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Terri-Lynn Marie Keddy, 14, had recently been given the all clear after her last round of chemotherapy. Her body was recovered 100 kilometres away from where she swept away during a flash flood on July 22 in West Hants, N.S.Courtesy of family

Police confirmed the discovery of the fourth and final missing person swept away during a catastrophic flash flood last month as officials Wednesday continued to express frustration over the dearth of cellular coverage in northwestern Nova Scotia.

The RCMP said the remains of Terri-Lynn Marie Keddy, 14, were discovered by a dog walker along the shoreline of Advocate Harbour, about 100 kilometres from where the vehicle she was travelling in was submerged in flood waters caused by epic rainfall during the overnight hours of July 22.

Terri-Lynn was a cancer survivor who had finished her last round of chemotherapy six months ago. She had recently been given the all-clear, said her stepmother Jacqueline Reid. “She was the most happy-go-lucky kid I’ve ever had the pleasure of loving,” she said in a statement to The Globe and Mail. “She was never not smiling. … She definitely saw sunshine and rainbows daily.”

Ms. Reid said her stepdaughter loved to bake and cook alongside her in the kitchen, and was extremely close with her sister and stepbrother.

The body of 52-year-old musician Nick Holland of Brooklyn, who was also travelling in the SUV, was found last week.

In a separate incident around the same time, two children were swept away while fleeing their Brooklyn home in a vehicle with their parents. The bodies of the six-year-olds, Natalie Hazel Harnish and Colton Sisco, were recovered at around the same time.

West Hants Mayor Abraham Zebian spoke of the sadness many in the close-knit community are feeling but also the solace that all four missing people’s remains have been brought home to their families. “Their names need to be remembered,” he said at a press conference in Windsor.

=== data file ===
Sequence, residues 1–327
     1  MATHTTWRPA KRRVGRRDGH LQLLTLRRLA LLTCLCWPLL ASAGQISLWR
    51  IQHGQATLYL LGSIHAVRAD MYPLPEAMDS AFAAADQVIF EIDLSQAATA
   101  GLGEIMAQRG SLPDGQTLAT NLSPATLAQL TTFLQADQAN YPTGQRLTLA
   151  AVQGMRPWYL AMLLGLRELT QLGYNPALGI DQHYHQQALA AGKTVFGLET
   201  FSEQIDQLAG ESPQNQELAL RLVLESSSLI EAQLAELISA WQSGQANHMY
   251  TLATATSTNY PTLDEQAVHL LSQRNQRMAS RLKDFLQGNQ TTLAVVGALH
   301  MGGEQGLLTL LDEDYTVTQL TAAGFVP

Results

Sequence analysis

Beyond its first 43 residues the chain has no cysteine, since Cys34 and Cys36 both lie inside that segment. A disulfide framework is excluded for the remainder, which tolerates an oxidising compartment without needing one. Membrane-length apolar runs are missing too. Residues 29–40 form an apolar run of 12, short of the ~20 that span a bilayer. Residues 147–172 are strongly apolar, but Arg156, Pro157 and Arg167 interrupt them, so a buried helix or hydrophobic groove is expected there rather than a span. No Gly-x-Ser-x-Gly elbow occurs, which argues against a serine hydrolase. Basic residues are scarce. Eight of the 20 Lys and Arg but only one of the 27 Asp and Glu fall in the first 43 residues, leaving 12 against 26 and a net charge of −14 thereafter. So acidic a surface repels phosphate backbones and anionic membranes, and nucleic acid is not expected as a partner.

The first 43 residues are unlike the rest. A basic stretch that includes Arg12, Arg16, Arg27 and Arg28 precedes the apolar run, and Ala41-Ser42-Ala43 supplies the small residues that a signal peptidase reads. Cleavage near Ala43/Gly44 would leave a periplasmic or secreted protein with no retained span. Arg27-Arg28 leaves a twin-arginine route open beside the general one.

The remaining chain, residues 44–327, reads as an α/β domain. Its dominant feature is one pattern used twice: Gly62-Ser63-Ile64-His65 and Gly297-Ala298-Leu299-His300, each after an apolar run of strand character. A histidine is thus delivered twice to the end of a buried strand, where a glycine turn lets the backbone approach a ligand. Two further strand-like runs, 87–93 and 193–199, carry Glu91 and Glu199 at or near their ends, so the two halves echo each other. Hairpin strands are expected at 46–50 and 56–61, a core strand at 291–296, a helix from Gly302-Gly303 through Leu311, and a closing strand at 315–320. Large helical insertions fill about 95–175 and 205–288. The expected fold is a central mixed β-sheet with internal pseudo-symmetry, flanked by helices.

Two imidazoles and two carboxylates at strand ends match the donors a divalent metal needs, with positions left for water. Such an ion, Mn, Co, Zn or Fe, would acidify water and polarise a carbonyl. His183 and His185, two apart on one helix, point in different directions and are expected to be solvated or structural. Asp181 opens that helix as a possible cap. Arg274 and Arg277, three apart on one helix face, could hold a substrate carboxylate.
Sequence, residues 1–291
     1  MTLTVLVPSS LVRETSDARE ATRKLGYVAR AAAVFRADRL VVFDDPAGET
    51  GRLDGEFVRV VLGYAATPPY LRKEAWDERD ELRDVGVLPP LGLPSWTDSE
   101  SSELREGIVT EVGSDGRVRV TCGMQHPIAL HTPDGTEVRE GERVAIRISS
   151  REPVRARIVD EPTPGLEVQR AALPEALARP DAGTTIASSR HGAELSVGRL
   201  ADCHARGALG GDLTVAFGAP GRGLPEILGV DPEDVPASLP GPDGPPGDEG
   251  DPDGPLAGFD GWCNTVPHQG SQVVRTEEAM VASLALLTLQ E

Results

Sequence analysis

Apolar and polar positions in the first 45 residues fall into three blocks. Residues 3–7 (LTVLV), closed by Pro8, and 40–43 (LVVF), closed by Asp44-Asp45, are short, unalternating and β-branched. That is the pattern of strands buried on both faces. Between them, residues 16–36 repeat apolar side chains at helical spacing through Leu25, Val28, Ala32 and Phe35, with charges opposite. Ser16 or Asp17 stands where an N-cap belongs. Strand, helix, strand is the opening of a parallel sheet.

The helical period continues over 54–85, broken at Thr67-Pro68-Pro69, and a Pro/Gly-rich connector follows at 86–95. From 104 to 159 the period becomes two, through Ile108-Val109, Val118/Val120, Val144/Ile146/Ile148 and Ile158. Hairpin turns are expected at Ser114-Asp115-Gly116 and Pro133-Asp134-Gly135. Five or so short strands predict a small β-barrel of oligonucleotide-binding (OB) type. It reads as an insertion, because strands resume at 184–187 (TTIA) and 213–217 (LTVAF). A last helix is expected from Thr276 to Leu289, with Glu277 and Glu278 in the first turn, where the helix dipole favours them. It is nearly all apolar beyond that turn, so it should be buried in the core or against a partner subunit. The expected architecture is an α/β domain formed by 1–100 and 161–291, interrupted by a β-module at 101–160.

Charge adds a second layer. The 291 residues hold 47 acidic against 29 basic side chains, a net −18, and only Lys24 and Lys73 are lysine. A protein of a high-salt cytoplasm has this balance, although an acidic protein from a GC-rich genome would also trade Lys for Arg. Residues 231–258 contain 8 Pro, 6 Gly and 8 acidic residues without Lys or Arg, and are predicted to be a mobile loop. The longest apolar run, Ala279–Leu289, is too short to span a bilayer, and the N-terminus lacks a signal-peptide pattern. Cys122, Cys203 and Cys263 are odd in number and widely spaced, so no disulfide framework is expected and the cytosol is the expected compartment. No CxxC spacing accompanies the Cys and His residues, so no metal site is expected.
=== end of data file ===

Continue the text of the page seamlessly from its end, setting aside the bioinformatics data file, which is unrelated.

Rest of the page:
Advocate Harbour is on the edge of the Bay of Fundy, where the highest tides in the world fill and empty daily, influencing rivers and tributaries that wind inland near where Terri-Lynn was travelling with three other adults in an SUV on Highway 14 in Brooklyn.

“The sheer volume of water and the sheer force of that water coming through just – it’s never happened before around here. It just pushed objects so far, whether that be vehicles or trees or deceased persons, quite a distance and, over the course of time, that’s where she ended up,” said West Hants RCMP Sergeant Rob Frizzell.

A heavy rainstorm dumped three months’ worth of rain in one day in parts of the province, causing flash floods and widespread damage to homes, roads and bridges. In the area of West Hants, the province issued two emergency alerts to cellphones during the extreme rainfall, one at 3:06 a.m. Saturday asking people to shelter in place or call 911 if they couldn’t, and one at 3:41 a.m., ordering an evacuation.

Last week, several politicians in Nova Scotia raised concerns that poor cellular service had prevented residents from receiving emergency alerts in the area. In response, Deputy Prime Minister Chrystia Freeland called for urgent action from Canada’s telecommunications regulator.

At a press conference Wednesday, Liberal MP for Kings-Hants Kody Blois said the cellular service is so poor that he was unable to take a phone call from Minister of Emergency Preparedness Harjit Sajjan at the emergency search and rescue headquarters in Brooklyn, an hour northwest of Halifax and seven minutes from a major highway.

“That’s unacceptable,” Mr. Blois told reporters. “When we start to see the impact of weather-related events – whether it’s fires, whether it’s hurricanes, whether it’s flash floods – we need to do better.”

At the press conference, Nova Scotia Premier Tim Houston offered condolences to the loved ones of Terri-Lynn and the families of the three others whose lives were lost in the flood. He pledged to fix the spotty cellular service “in a short period of time.”

“There are solutions. We just need to do them and I’ll be asking that those be done,” Mr. Houston said.

Canada’s telecommunications regulator, the Canadian Radio-television and Telecommunications Commission, is responsible for the National Public Alerting System, a federal, provincial and territorial system that enables emergency management organizations across Canada to warn the public about imminent or possible dangers such as floods, tornadoes, hazardous materials, fires and other disasters.

In a statement to The Globe, the CRTC, which is overseen by the federal government, said cellphone coverage and the public alert system play an important role in supporting Canadians’ safety, especially during natural disasters or other emergencies.

“The CRTC is continuing to monitor and support network investment to ensure Canadians have access to public alerts,” spokesman Paul Clusiau wrote, adding that federal, territorial and provincial governments all have a role to play.

François-Philippe Champagne, Minister of Innovation, Science and Economic Development Canada, did not respond to a request for comment by late Wednesday afternoon.

Terri-Lynn’s mother, Natasha Keddy, asked that if anyone would like to make a donation, to send it to the IWK Health Centre, the children’s hospital in Halifax, in memory of her daughter.

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